Coffees, rresh every day. Tae roasting ls done
upon the premises, under my personal super?
vision. Quality and kinds guaranteed.
FRENCH CHINA I FRENCH CHINA !
Tea Sets of piala French China, 44 pieces, for $8
Tea Sets, gold baud French China, 44 plecus, Tor
A large assortment of French China fo . table
ase. Also, Fancy China Goods, Vases, Cologne
Sots, Motto Cups and Saucers, Tete-a Tete Sets,
English Crockery, Glassware, Tinware, Hard?
ware, Woodenware, Baskets, Looking 0'.asses,
and a general assortment of noose Furnishing
Goods-sold twenty-five per cent, cheaper than
Special attention paid to country orders, accom?
panied with cash.
All Inquiries by letter promptly answered.
No charge for packing or delivering to at.y part
of the city.
marlB-lyr JOHN W. LINLEY.
Tuc largest and best
selected stock of
to be found la
WILSON'S ' GROCERY.
is especially Invited.
FIRST CLASS GOODS
306 KING STREET,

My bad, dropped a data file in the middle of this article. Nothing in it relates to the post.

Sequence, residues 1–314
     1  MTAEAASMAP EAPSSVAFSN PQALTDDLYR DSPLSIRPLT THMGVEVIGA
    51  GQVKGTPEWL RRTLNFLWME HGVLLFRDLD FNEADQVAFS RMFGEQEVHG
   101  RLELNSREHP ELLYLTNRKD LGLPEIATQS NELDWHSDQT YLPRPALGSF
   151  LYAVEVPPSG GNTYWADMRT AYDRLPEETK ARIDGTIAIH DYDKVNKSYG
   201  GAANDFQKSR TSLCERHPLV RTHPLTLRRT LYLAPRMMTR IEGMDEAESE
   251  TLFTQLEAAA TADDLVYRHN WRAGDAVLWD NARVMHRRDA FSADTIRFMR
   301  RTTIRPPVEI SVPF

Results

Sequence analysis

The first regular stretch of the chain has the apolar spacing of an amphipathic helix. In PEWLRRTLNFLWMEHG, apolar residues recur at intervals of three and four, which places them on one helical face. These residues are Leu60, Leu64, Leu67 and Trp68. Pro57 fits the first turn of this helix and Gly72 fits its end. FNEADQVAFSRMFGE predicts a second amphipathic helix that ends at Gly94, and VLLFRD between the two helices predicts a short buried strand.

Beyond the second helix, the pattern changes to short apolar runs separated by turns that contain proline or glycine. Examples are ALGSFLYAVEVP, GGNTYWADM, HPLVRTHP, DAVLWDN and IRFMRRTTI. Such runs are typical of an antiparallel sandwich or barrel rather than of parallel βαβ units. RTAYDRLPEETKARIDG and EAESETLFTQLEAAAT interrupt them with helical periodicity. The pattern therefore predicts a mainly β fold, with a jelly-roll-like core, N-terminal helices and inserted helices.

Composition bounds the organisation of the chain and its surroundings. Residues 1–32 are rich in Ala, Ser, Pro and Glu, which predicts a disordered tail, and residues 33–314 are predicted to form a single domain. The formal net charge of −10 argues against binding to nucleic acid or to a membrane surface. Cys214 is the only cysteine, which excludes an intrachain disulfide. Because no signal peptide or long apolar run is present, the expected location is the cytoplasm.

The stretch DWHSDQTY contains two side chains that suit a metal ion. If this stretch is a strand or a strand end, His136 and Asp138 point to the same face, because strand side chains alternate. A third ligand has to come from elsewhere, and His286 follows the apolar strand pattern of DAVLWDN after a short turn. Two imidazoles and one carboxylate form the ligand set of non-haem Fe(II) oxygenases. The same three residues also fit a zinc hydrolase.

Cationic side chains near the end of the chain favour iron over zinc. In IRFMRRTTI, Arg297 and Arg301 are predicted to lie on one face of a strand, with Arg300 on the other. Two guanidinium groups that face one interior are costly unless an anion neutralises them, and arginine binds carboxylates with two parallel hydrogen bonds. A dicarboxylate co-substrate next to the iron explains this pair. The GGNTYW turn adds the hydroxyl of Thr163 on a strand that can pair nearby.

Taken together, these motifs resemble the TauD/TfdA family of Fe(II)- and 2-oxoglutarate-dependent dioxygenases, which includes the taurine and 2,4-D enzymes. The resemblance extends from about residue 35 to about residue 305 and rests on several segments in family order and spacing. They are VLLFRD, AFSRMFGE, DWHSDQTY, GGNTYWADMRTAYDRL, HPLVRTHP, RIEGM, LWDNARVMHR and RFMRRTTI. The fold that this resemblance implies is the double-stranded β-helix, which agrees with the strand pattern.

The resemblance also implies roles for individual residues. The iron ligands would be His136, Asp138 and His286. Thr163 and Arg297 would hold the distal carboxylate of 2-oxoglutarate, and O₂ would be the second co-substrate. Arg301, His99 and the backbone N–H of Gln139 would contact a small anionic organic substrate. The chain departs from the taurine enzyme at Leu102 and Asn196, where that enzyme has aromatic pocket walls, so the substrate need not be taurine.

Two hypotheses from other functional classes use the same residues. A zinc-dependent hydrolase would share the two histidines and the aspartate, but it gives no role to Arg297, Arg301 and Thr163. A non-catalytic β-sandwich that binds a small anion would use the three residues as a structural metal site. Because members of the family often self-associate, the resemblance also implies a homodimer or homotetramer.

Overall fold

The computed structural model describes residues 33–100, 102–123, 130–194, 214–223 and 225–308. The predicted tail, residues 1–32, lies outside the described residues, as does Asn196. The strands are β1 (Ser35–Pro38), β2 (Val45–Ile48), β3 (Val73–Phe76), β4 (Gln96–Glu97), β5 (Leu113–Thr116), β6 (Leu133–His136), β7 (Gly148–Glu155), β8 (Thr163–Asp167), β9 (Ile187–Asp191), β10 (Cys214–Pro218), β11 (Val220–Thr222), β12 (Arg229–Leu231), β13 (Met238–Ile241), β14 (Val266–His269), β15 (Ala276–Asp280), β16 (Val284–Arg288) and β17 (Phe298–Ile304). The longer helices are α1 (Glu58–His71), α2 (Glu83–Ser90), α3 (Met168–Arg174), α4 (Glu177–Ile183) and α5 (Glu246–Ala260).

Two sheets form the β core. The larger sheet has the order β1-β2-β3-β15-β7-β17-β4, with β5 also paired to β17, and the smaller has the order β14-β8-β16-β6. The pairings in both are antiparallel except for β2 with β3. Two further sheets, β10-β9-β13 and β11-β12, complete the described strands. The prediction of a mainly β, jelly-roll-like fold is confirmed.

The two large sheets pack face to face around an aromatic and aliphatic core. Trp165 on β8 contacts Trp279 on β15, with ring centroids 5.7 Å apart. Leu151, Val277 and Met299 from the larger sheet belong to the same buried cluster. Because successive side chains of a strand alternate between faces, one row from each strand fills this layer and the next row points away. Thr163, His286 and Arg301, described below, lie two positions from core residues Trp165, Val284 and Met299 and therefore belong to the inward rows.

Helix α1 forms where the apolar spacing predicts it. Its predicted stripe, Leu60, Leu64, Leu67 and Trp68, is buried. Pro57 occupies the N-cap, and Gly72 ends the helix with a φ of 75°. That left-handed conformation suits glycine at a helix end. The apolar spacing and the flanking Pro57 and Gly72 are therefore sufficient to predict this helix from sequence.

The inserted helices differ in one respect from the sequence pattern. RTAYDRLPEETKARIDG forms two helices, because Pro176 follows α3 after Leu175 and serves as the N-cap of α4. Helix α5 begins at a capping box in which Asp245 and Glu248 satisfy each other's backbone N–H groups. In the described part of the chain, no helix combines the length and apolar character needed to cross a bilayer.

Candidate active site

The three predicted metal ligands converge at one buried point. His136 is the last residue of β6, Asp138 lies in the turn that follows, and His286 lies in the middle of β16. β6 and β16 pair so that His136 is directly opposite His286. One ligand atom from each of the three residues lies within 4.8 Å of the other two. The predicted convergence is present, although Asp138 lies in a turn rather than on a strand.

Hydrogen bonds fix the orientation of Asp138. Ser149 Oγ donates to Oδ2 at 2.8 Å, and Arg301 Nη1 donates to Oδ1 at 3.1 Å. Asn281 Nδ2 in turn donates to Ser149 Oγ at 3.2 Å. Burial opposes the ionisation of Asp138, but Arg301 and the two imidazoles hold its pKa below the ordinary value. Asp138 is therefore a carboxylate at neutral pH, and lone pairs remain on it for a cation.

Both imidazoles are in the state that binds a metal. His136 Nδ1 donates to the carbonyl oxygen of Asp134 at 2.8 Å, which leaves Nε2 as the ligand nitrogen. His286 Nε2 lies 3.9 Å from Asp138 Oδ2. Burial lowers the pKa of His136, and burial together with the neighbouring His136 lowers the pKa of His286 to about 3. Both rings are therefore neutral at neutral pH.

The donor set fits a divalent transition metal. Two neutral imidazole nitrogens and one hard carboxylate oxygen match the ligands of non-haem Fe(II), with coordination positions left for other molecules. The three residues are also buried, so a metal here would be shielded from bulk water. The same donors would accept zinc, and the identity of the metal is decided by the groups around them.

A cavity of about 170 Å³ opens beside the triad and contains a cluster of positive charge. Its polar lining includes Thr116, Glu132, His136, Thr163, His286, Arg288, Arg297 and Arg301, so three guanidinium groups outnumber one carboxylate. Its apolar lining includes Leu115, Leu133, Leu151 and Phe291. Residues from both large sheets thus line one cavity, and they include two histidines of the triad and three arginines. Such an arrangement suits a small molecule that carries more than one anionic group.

WILSON'S ' GRCOERY.
four doors above
LIEBIG'S EXTRACT OF ME? AT,
FOR INFANTS AND INVALIDS,
For sale at
No. 306 KING STREET.
JJATHORH SPRINGS WATER
Bogen A Son's DIAMOND SPARKLING CATAWBA
Blnnluger's Old Lindon Dock Gin, Old Tom Gin
Assorted French Brandy; Fruits, lu quart ara
Assorted French Fruit*, In own Juice, prit up in
gluss stoppered decanters
i'ren.h Pickle.-., in fauc.v jars
India Currie, in dusks
Yarmouth Bloater Paste. Anchovy Paste
.French Mustard, iu glass pots
Queen's Olives, Capers, Bordeaux OH ve Oil,
Florence Olive Oil, tu flasks, aud Bengal Chutney.
E. E. BEDFORD,
Late W. S. Corwin A Co.
janli_No. 275 King street.
NEW BUTTER, IMITATION ENGLISH
RECEIVED PER RECENT ARRIVALS.
Choice New GOSHEN BUTTER, Jenny Liad Im?
itation English Cneese. Mild Factory Cheese, Pine?
apple Cheese, You g America Cheese, Eldam and
Sup Sago Cheese, Extra Smoked Tongues and
Breakfast Bacon Strips. Choice Pickled Beef, Fam?
ily Pig Pork and Pic-led Ox Tongues.
Duffield's, American, Whestphalia, Whitaker,
Extra Star, Davis's Diamond, and the celebrated
White Sugar-cured Champion Hams.
For sale by E. E. BEDFORD,
Jami _No. 275 King street.
REMEN LAGER BEEK
E. E. BEDFORD,
anil ? No. 275 King street.
?xotev\e% ?v\nova, Sit.
pLOTJB! FLOUEI FW?RT~
1200 bbls. Fine, 'Super, Ertra and FAMILY
FLOUR. For sale by